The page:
A delicious salad recipe found in “Cattelins Kokebok” (Cattelin’s Cook Book) published in 1978
Beef Salad Parisienne. A hearty salad with juicy steak, tender potatoes, sliced onions, and a zesty vinaigrette that could also doubles as a marinade.
In context: Cattelin’s is one of the best and most reasonably priced restaurants in Stockholm. It has survived wars, disasters, and changing tastes, and still manages to pack ‘em in, so they must be doing something right. Read more here and here.
In Context: Sally Lunn, a Huguenot fleeing from persecution in France and a pastry cook, is reputed to have started a bakery in 1680 in Bath’s oldest house in Lilliput Alley, which was built in 1482 and was previously the home of the Dukes of Kingston. Sally Lunn, it is said, used to cry her wares in the city’s streets. The bakery became famous for its teacakes and was patronised by Beau Nash and other notables of the day. Today the bakery survives as a popular teashop and the delicious teacakes are still made there to a closely guarded secret recipe, which came with the deeds of the house. The building was extensively renovated in the 1930s, when the original ovens were discovered in the basement. These, together with the original foot trough in which large quantities of dough were pounded, can be seen today, – however this is one part of the original recipe that is not adhered to nowadays!
An alternative theory for the name of the teacakes is that the name derives from ‘Soleil Lune’ (sun and moon) cakes, because the cakes were round and golden on top and pale underneath. Whatever the reason for their name, Sally Lunns are wonderfully light and rich. In the teashop they are served split with plenty of butter, although Florence White in ‘Good Things in England’ (1932) asserts that they should be served split open and spread with clotted cream.
There are lots of versions of this famous teacake and many include butter in the dough. This recipe uses cream instead, which gives a smoother, lighter result, close to the original.
A recipe from “Fransk Bondekost” (French Farmhouse Cooking) published by Hjemmets Kokebokklubb in 1980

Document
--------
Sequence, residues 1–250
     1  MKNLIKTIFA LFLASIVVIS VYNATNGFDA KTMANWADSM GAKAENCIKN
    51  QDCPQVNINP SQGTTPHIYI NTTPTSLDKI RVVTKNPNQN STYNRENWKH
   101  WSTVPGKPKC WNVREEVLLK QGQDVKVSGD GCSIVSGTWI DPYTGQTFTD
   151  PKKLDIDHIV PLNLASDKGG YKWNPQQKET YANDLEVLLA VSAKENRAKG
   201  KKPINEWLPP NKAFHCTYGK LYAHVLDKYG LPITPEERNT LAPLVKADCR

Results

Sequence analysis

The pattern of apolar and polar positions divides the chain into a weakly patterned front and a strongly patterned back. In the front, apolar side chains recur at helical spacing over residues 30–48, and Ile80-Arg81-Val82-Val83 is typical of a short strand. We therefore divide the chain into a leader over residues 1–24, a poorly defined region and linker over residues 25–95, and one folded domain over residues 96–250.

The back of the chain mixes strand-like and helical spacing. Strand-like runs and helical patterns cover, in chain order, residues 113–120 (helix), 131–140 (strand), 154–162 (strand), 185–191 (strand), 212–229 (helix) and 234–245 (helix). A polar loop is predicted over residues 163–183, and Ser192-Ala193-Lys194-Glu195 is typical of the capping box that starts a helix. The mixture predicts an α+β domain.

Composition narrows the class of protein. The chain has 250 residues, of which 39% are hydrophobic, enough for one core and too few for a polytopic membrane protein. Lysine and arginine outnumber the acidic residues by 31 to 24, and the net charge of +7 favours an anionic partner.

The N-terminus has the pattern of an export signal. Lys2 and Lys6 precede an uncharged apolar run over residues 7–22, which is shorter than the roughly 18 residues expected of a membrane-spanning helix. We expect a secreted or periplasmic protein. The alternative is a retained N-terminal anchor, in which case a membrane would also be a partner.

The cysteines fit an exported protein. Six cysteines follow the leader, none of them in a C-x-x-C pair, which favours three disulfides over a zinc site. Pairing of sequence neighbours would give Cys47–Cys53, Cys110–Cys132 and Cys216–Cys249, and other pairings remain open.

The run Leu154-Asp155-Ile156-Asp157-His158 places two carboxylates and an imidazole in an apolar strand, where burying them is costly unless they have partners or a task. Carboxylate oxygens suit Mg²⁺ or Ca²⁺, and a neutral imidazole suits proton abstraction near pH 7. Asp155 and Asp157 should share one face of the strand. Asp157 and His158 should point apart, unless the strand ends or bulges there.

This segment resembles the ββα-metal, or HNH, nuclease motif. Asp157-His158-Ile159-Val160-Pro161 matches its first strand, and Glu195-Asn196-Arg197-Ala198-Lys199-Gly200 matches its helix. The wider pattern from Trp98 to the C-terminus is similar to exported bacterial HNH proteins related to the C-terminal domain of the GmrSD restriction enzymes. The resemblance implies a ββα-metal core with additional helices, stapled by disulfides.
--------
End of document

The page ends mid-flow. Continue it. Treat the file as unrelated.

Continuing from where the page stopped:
It is not correct to use the term “fine cooking” about French farmhouse cooking. It is more a natural part of life. There is no Machiavellian refinements or superfluous embellishments. Just honest, good, simple ingredients that makes tasty dishes that suit the season, climate and work.
A delicious dessert recipe found in “Carl Butlers Kokebok –Fortsettelsen” (Carl Butler’s Cook Book – The Continuence) published in 1991
Carl Butler writes: Honey is an ingredient we easily forget in our cooking, despite the fact that it have been used since time immemorial. Try honey in a parfait with fresh, tart raspberry sauce. These are two real summer flavors that complement each other nicely.
A nice old fashioned cordial recipe found on recept.nu
Rose Cordial is a sweet, delicious, intensely floral drink, perfect for a Sunday picnic or warm, lazy summer evenings. With this traditional Swedish recipe you’ll have the cordial ready in a matter of days.
Afternoon tea is a light meal typically eaten between 4 pm and 6 pm. Observance of the custom originated amongst the wealthy classes in England in the 1840s. Anna Maria Russell, Duchess of Bedford, is widely credited as transforming afternoon tea in England into a late-afternoon meal whilst visiting Belvoir Castle. By the end of the nineteenth century, afternoon tea developed to its current form and was observed by both the upper and middle classes. It had become ubiquitous, even in the isolated village in the fictionalised memoir Lark Rise to Candleford, where a cottager lays out what she calls a “visitor’s tea” for their landlady: “the table was laid… there were the best tea things with a fat pink rose on the side of each cup; hearts of lettuce, thin bread and butter, and the crisp little cakes that had been baked in readiness that morning.”
A sweet recipe found in “Hershey Favourite Recipes” published in 1937
Origin of Fudge
American-style fudge (containing chocolate) is found in a letter written by Emelyn Battersby Hartridge, a student at Vassar College in Poughkeepsie, New York. She wrote that her schoolmate’s cousin made fudge in Baltimore, Maryland, in 1886 and sold it for 40 cents a pound. Hartridge obtained the fudge recipe and, in 1888, made 30 lb (14 kg) of fudge for the Vassar College Senior Auction. This Vassar fudge recipe became quite popular at the school for years to come.
Word of this popular confectionery spread to other women’s colleges. For example, Wellesley College and Smith College have their own versions of a fudge recipe dating from the late 19th or early 20th century.
In the late 19th century, shops on Mackinac Island in Michigan began to produce similar products for summer vacationers. Fudge is still produced in some of the original shops on Mackinac Island and the surrounding area. Mackinac Island Fudge ice cream, a vanilla ice cream with chunks of fudge blended in, is also very common in this region and across the United States.
A traditional recipe found in “Det Gode Norske Kjøkken” (The Good Norwegian Kitchen) published by Gyldendal in 1981
This dish is a good example of classic Norwegian farmhouse cooking. Quick to make, simple and very, very tasty. A dinner often served in my childhood home and a dish I still make from time to time. I have mentioned it before, there’s a lot of good memories in tasty food – Ted 🙂